I can confidently say that the atmosphere in each story is spot on. Though not all the ideas hit the mark – some fall quite short in my opinion – it’s clear that every writer who has contributed to this collection has incredible talent and a vivid imagination. The wide range of stories vary on topic and execution, from ‘Blizzard of Black and Blue’, which is set in the modern day, but told as if it were a 19th century Gothic novel, to ‘The Hellhole’, told from the point of view of the devil himself.

‘Blizzard of Black and Blue’ is an absolutely fantastic story, and definitely my favourite piece in this collection. The clash in narrative styles is reflected in the story itself, in which an IT expert is tasked with bringing an old boys’ school into the 21st century. The story’s pace is slow, but this does nothing to take away from its quality. It deals with the classic Gothic theme of the home, taking a place of safety and making it unsafe, and it does so expertly. This collection is worth reading for this story alone.

Similarly brilliant is the penultimate story, ‘Copperhead’. This concerns a woman, abused by a teacher as a child, taking revenge on all men. It wobbles a little in the middle (when it gets a bit silly), but overall the story, and all the characters and events in it, was mesmerising. I particularly enjoyed the narrative shift which happened midway through; the first half is told by an onlooker, the second by Copperhead herself. It’s a brilliant little switch-up, and really adds to the quality of the story being told.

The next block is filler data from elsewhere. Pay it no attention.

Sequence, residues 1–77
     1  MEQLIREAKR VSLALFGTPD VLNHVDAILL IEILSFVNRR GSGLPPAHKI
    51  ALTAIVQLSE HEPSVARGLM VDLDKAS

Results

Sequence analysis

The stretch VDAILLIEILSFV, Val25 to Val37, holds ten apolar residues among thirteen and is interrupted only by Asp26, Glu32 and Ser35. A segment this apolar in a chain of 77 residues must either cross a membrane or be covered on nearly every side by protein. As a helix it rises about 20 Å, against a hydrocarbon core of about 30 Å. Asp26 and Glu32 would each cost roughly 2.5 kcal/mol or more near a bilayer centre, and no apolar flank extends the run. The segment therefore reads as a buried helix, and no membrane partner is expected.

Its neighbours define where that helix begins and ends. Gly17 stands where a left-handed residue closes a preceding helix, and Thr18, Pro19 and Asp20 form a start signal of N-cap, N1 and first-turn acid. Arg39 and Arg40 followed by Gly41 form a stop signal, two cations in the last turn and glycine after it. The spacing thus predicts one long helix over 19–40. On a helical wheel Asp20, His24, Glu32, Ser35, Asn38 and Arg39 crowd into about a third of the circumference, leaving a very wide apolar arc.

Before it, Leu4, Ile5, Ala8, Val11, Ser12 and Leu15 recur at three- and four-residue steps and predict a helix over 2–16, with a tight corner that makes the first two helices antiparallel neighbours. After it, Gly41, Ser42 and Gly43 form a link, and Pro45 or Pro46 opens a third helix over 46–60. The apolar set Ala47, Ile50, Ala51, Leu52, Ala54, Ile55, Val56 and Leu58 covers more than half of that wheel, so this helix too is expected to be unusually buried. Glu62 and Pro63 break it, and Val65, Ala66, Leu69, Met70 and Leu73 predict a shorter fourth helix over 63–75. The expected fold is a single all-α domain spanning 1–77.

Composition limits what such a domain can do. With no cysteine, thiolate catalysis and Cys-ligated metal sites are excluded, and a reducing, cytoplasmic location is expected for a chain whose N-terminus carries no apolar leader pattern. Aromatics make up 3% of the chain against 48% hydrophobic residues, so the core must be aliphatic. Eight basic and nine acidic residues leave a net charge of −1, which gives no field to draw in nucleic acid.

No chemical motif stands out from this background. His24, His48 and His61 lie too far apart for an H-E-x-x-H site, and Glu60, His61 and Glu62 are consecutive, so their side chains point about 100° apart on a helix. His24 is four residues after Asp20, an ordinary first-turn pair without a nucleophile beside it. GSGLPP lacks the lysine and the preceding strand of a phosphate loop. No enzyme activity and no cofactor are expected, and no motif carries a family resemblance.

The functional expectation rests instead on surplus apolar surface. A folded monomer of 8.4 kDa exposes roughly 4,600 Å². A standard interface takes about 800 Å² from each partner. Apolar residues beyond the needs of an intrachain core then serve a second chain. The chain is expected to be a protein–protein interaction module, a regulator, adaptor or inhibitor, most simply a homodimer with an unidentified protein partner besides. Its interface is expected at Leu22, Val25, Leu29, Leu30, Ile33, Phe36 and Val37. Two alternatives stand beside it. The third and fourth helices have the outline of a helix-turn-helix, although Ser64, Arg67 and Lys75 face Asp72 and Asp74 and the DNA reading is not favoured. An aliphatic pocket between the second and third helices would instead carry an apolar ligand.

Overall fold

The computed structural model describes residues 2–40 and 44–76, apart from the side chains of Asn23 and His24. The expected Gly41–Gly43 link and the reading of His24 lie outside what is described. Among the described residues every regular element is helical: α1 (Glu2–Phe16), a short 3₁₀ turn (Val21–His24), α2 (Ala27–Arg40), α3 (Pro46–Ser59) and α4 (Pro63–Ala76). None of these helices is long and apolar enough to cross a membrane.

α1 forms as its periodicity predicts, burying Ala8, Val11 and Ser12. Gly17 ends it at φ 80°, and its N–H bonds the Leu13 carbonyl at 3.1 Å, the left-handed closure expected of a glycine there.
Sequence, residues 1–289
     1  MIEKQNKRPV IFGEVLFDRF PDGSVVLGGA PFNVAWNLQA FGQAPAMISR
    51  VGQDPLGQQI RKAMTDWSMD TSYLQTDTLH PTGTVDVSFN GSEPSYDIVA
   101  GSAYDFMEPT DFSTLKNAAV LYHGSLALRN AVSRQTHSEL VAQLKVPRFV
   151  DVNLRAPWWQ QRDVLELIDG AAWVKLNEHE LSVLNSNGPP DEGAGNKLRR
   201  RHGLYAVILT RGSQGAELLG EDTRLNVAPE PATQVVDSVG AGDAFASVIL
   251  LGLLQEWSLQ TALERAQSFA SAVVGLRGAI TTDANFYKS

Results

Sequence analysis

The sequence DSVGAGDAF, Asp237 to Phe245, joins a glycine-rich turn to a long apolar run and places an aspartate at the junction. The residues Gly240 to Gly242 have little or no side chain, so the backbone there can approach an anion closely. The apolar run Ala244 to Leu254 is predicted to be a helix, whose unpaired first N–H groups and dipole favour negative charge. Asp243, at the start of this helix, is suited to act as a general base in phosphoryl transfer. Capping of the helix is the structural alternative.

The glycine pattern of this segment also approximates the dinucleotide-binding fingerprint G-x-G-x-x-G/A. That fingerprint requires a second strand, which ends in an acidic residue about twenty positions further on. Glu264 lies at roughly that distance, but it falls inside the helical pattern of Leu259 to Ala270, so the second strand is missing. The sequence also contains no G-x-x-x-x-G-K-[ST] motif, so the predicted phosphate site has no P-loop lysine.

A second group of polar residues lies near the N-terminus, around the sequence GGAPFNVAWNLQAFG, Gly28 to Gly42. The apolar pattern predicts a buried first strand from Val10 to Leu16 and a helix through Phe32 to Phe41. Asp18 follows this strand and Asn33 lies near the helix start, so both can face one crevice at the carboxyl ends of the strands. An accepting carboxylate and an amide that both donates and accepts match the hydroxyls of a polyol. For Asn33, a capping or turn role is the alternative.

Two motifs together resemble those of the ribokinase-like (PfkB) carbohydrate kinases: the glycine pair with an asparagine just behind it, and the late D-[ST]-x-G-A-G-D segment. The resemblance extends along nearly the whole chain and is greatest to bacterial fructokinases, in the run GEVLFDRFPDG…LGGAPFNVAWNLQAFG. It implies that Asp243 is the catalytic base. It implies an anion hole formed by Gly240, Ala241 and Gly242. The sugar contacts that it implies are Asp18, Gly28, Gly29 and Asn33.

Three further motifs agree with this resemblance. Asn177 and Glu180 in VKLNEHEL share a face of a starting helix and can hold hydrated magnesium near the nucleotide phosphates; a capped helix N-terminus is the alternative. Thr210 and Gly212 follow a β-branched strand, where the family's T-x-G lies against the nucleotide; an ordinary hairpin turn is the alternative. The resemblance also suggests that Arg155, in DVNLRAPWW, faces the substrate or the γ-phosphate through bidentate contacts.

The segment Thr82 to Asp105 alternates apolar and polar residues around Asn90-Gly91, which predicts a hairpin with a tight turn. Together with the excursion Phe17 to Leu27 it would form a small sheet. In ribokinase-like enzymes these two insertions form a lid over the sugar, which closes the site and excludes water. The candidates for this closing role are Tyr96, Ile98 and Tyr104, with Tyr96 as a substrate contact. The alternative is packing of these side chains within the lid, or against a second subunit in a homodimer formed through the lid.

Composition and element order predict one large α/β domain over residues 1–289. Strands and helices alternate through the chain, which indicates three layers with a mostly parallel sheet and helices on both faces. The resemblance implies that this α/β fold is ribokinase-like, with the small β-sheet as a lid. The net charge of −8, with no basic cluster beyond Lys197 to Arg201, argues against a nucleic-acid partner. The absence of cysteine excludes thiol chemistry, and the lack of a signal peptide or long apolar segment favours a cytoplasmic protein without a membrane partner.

The final story in the collection, the brilliantly titled ‘We Don’t Talk About The Monster In The Second Bedroom’, deals with the idea of grief and loss, again taking the idea of the Gothic home and turning it on its head. It’s another ‘modern day meets the past’ story, and tackles the idea of hell in a much more abstract, but no less engaging way.

‘Paradigm 13’ takes place in hell itself, but the story is less about this, and more about a man’s love for his deceased wife. He’s ventured into hell to save her, but even more gripping than the setting is the love you can really feel when he talks about her. It’s King-esque, almost making you fall head over heels for someone who doesn’t even exist.

There are several more stories in this collection which I loved, and a few I didn’t really enjoy. However, this was only for their content; as previously mentioned, each story absolutely hits the mark in terms of atmosphere and high quality of writing, even if the events themselves sometimes didn’t quite land.

H is for Hell may seem like a silly title, but don’t let that put you off. This collection is fantastic, and one I definitely recommend. It absolutely leaves you wanting more, and some of the writing in it is definitely on the level of King and Jackson. But read it at your peril; I can’t guarantee you won’t sleep with the light on once you’ve finished.

Purchase a copy of H is for Hell by clicking the image below

Robert Welbourn

Robert Welbourn

Author | Ideal Angels (2018) / @unbound_digital

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1 thought on “[Review] H is for Hell”

  1. Absolutely delighted you enjoyed the anthology, Robert – and thank you so much for your kind words about my story, Blizzard of Black and Blue. I had a lot of fun writing it and feedback like this makes it all the more worthwhile. All the best, John.